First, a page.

The Irony of Andy Warhol
Andrew Warhol performed phenomenally last year. We say this without reservations and keeping in mind the likes of Picasso and Giacometti, who have hogged the limelight in 2010. Compared to Picasso's $106.5 million and Giacometti's $104.3 million, Warhol's $ 63.35 million (his painting of Elizabeth Taylor, titled Men in Her Life) may sound a petty sum.
By the standards of a Picasso or a Monet, Andy Warhol's beginnings were modest. In the first place, he was not even considered a 'fine artist' when he began. He was, what prudents will describe as 'a commercial artist'. Warhol began his career producing magazine illustrations and advertisements for fashion houses. Yet, less than 50 years since his first one-man show, and less than a quarter of a century after his death, he is the most commercial artist of the fine-art world, a position confirmed by last November's sales at the great auction houses in New York.
At the beginning of the week, Philips de Pury sold his 1962 painting Elizabeth Taylor, Men in Her Life for $63.35 million the second-highest auction price for his work while at Sotheby's the following day Coca-Cola (1961-62) went for $35.4 million. Close on its heels at Christie's, Big Campbell's Soup Can with Can Opener (Vegetable), didn't quite meet the low estimate of $30 million but nevertheless reached a respectable $23.6 million. A smaller painting, Campbell's Soup Can (Tomato), exceeded its high estimate, selling for $9 million, while at the same sale, Oh... Alright, a 1964 painting by Roy Lichtenstein, a contemporary of Warhol, in the high-threshold dot effect set a new record for the artist at $42.6 million.
Compare this with let's say a Monet or a Matisse. A Monet water-lilies painting sold for not much more than a third of the price fetched by Warhol's Elizabeth Taylor screenprint, while Matisse's 1934 portrait of Titine Trovato failed to attract a single bid, though its estimate ($8 million) was $10 million lower than the price that was being asked for the painting two years ago.
Is rarity losing out to prolificity? Warhol after all produced some 10,000 works. Of course, other artists Tintoretto, Picasso and Dalí, for exampleshared that trait, but the method, and very often the subject, of Pop Art is rooted in mass production and in popular, rather than rarified, points of reference. One could argue that Rembrandt in his time did produce a lot from his studio. But compared to Warhol, it was cottage-industry, whereas Warhol had the factory to himself.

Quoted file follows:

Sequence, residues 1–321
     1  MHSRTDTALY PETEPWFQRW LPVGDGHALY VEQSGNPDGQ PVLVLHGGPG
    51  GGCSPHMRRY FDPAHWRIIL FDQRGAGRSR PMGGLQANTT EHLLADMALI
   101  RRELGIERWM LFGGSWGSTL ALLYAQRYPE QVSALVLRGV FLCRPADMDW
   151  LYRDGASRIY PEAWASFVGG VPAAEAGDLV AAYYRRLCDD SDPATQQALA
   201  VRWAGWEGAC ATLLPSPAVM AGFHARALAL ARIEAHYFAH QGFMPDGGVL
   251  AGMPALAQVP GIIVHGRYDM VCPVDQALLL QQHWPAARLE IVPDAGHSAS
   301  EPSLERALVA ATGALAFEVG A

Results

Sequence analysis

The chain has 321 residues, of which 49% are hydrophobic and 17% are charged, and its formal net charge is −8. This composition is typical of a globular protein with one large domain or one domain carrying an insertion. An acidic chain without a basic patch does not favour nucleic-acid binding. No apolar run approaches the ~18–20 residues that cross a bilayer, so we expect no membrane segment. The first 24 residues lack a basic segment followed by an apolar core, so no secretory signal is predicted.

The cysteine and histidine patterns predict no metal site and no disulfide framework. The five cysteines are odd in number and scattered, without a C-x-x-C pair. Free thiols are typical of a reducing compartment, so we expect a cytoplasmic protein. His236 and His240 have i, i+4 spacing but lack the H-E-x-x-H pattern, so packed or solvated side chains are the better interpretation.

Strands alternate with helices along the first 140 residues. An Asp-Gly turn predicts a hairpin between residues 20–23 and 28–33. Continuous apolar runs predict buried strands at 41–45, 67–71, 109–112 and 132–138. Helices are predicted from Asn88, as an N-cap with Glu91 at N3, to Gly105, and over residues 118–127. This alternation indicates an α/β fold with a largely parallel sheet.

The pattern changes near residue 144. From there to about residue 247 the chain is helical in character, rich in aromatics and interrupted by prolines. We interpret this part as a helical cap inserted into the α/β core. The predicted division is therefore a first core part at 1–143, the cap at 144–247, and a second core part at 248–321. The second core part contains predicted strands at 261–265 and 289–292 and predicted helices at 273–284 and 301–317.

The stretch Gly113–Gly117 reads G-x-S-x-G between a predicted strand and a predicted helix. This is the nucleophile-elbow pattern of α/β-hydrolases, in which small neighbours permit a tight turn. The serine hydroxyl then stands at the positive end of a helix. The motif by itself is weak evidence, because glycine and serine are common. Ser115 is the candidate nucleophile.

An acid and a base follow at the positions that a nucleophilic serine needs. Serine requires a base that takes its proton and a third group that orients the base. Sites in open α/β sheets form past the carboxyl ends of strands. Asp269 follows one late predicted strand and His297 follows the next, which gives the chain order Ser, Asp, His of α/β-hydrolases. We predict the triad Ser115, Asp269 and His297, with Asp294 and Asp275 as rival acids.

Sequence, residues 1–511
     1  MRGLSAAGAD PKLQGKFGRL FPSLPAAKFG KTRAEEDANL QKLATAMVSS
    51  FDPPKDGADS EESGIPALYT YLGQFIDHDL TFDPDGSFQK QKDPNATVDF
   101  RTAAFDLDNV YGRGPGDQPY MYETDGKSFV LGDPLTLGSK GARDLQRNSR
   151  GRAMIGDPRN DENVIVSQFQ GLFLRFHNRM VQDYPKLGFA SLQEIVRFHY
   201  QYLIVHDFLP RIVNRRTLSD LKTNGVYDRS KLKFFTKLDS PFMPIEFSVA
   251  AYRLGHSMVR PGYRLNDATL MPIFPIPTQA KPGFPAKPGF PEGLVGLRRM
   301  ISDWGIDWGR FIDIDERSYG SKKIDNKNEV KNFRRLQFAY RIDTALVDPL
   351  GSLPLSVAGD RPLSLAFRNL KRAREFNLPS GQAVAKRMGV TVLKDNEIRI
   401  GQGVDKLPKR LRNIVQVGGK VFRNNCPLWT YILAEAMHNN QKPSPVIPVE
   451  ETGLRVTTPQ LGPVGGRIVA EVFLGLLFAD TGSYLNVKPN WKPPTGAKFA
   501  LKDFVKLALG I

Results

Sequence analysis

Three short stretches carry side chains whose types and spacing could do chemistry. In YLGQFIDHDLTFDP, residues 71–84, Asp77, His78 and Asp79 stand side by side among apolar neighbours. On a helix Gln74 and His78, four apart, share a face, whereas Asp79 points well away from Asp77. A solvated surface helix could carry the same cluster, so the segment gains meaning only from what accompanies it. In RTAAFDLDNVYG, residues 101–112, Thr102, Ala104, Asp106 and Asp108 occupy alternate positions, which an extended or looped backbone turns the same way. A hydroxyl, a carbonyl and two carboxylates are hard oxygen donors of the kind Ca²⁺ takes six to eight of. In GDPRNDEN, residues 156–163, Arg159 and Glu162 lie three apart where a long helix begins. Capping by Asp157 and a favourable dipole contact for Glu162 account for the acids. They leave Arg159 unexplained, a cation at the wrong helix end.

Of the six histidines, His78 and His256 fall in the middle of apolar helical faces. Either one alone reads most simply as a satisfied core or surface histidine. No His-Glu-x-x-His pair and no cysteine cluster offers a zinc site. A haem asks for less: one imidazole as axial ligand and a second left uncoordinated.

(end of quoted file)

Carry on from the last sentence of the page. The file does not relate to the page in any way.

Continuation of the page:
Andrew Mickie, writing in the Wall Street Journal has this explanation to offer. “Whether the current dominance of Pop Art is followed by a … shift to some new, or rediscovered, genre or not, its current prices have some interesting implications. If there is an aesthetic lesson, it is that the primary reference points of Western culture are no longer dependent on tradition. Knowledge is no longer required of the narratives, histories, myths and values of classicism, the religious tradition or even theories of art that underpinned notions of artistic merit even through the first wave of modernism and arguably as late as the intellectual abstraction of artists like Rothko, Pollock or de Kooning. Pop Art's references demand no more than a visit to the cinema or the supermarket.”
Mickie also shares some insider's information from the bidding floors. “In market terms, there are Pop Art works important for their rarity, originality or quality, such as Warhol's giant prints of Marilyn, Elvis and Mao, and his car crash pictures or Lichtenstein's comic-book paintings. But much of what one might call the diffusion market in contemporary art seems to rest on the taste of a very few collectors, such as Peter Brant, Philippe Niarchos and Steve Wynn, and on dealers, such as Larry Gagosian and Jose Mugrabi, who are strongly committed to particular artists. Indeed, Mr. Mugrabi, who sold Men in Her Life… bought a Jackie for $1.65 million and a Marilyn for $4.45 million later in the week.”
The conclusions are obvious. Rarity is no more a reference point. Finesse is. And the appreciation of art is becoming more and more democratic. After all the aesthetics of a tomato tin can or a bottle of coke does not lie in the interpretation of their 'form' but in the interpretation of what they 'suggest'. That suggestion of equality where more money cannot get you a better bottle of coke is what matters. That to appreciate a Monroe or a Taylor, all you need is to be aware of the matinee idols that your fathers and grandfathers worshipped. That democratisation of the collector's perspective is all one needs to appreciate art.
And the second conclusion establishes once more the need of a patron. A Warhol piece could never have fetched the price it managed on the bidding floor if characters like Larry Gagosian and Jose Mugrabi weren't present to outbid the more classical composers. And that is where the irony of the apparent democratisation of a Warhol or a Lichtenstein lies. The very perspective that they stand for may be democratic, but the appreciation and the responsibility to popularise that line of thinking lies exclusively in the hands of the elite.
It's a lot like what happened in France during the French revolution. A Rousseau may not have been royalty, but in social standing, he was no less than a Louis XIV or a Mary Antoinette. Yet he was instrumental in bringing about one of the greatest socio-political changes of the 19th centurya change that has since been the mainstay of many modern nationsnamely democracy.
Appreciation, and spread of any new school of thought will for ever lie in the hands of the better informed.
And, in some strange way, the better informed, in every age has always been the elite.